The most popular tourist destination in Belize is arguably Ambergris Caye (pronounced “key” as in the tail of Florida), an island in the north where festivals, locals selling their goods, and fabulous diving abound. The resorts there span many levels of luxury reached by golf carts. The island is used as a jumping-off point for guest divers who wish to visit the blue hole or the barrier reef. Other islands are less famous but are being quickly developed by outside interests. Belize City is less glamorous than the islands and, we were told, less attractive to tourists although it lies on the coast. It’s a gritty, natural city with all walks of life, including some late night crime theoretically restricted to those involved with illegal drugs. The interior of the country is famous for wildlife preserves, zip lining, and cave tubing. I’ve read that the landscape around the capital city of Belmopan is strikingly boring and flat. The western portion of the country near Guatemala is mountainous–much of it a reserve. On the Internet, we read about nonviolent robberies near the western border, but we didn’t meet anyone who had that experience.
From the air, the peninsula of Placencia looks like a skinny ribbon of land between the ocean and a huge tropical lagoon. It bears a single racing stripe that is the road. A guy who was from a resort some distance from ours described the scenery for us as we passed over–most notably a large shrimp farm that is famous for its strict adherence to clean farming so that the shrimp are both tasty and untainted. We enjoyed many examples during our visit.
A cab was waiting as we landed near Placencia Village at the tip of the peninsula, and the good-humored driver (an American expat) happily loaded our suitcases and us into his cab for the ride to our resort. He said he had left Belize at one point to return to Chicago, but decided to reverse his decision. He hasn’t considered leaving Belize since. We passed a luxurious resort reportedly owned by Francis Ford Coppola on our way down the single paved road that runs the length of the peninsula.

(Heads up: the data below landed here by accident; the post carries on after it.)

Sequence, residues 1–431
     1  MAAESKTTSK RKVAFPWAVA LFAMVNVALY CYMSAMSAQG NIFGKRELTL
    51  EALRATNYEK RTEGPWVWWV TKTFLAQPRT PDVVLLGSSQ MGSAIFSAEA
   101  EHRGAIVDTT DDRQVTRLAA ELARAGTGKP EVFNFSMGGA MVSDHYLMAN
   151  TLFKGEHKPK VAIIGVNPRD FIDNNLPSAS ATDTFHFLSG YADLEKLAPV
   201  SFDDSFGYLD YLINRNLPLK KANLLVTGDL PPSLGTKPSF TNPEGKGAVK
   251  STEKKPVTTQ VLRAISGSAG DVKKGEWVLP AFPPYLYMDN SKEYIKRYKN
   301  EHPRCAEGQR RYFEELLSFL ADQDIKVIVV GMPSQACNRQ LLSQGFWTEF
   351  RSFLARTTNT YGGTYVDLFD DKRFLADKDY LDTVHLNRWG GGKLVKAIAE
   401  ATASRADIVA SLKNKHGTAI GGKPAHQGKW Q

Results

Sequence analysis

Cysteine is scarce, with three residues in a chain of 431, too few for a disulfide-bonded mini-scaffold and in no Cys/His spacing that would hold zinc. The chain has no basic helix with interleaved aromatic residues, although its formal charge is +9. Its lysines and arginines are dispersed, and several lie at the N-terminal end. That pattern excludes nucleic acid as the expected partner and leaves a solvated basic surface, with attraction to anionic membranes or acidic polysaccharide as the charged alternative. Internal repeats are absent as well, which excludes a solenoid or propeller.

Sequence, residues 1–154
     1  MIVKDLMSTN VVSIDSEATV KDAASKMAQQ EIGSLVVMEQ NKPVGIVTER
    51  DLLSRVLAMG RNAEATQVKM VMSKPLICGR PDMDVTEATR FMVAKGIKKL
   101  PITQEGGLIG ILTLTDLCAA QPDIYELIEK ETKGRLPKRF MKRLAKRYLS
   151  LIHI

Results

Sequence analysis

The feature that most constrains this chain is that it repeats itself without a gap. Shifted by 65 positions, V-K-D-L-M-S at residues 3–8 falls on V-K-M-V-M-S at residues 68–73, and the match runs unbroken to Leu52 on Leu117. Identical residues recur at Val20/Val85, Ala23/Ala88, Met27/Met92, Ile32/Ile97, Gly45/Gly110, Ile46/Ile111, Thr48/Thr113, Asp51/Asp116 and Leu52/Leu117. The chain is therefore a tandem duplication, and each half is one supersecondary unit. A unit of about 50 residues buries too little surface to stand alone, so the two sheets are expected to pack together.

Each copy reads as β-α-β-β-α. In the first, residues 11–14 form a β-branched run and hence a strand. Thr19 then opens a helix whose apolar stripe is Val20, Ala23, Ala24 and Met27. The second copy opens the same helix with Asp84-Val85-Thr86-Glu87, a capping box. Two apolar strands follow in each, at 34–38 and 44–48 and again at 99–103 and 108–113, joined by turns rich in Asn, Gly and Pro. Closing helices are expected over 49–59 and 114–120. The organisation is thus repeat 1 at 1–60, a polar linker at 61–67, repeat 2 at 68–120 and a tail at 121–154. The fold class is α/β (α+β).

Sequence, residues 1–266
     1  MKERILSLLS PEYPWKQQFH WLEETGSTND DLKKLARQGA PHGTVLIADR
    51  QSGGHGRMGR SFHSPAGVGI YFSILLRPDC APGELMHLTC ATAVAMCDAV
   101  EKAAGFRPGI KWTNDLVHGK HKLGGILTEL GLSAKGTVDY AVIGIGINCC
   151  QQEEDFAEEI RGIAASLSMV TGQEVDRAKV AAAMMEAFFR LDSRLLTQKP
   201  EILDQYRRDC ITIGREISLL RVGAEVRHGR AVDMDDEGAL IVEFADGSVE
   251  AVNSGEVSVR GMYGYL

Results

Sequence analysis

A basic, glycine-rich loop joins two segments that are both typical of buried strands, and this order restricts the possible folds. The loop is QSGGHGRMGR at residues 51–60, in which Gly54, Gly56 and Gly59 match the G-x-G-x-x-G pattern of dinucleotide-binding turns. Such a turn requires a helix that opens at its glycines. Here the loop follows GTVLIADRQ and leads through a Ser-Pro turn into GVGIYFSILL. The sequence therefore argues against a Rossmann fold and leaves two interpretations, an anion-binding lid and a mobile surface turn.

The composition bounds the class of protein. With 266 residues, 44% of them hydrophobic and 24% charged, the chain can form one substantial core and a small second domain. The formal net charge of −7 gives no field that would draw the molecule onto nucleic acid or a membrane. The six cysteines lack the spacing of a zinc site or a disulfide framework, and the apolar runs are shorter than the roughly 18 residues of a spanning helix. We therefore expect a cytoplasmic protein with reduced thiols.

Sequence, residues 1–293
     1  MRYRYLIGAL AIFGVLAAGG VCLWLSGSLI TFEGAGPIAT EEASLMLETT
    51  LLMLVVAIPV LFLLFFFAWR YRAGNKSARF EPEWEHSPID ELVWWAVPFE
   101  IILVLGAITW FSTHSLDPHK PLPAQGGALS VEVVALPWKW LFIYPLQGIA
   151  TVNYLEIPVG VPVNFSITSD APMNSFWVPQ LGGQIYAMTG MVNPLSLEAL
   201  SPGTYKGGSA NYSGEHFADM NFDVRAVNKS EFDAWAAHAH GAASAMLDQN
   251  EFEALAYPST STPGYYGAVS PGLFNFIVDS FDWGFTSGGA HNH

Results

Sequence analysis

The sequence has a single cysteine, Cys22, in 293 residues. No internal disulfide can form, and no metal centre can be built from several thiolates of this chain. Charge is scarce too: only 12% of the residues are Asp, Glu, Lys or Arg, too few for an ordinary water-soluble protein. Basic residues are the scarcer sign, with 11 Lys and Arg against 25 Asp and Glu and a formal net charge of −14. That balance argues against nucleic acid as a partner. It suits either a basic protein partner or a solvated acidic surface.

Our resort (The Singing Sands Inn) was billed as very romantic with only eight cabins and a lovely open-air restaurant facing the beach. It was as gorgeous as we expected from the photos on the Internet, although we had not anticipated the “friendliness” required by a line of cabins that felt like a luxurious summer camp. (Screened-in windows may block out bugs, but they don’t block out sound.) The fact that trucks stopped running up and down the highway at night was one for which we were grateful, and we were glad for the Wi-Fi available near the office. I could text our family back home from our room.
In the large, excellent restaurant/bar and on the wide expanse of soft sand beach, we had ample opportunities to meet and talk with other guests–who were almost all from our same U.S. state, as luck would have it. Happily, we enjoyed our neighbors and joined them for some of the tours and activities. In addition to tours, the resort was willing to rent kayaks and a two-seater paddle boat that could be used to reach a small island directly across from the resort. The other guests told us the island was a great spot for snorkeling and fishing.
Our wonderful Mayan concierge arranged all our tours for us, including the taxis, with patience and attention to detail. He spoke with us, not at us, in a charming Mayan accent I call “Jamaican Lite.” He could speak Creole, Mayan, Spanish, and English. My husband and I didn’t always entirely understand what he meant, such as when he said we would have to get wet on our jungle tour. He meant we would have an opportunity to swim up a cave river to see a waterfall. We thought we were going to walk through a waterfall, so we didn’t bring our camera–which was a sad mistake on our part. We need to learn to ask more questions.
In Part Two of “Here’s Lookin’ at You, Belize,” I’ll share what my husband and I learned about the tours available around Placencia, Belizean food and specialties, real estate, and where to get the best darned rum punch I’ve ever had.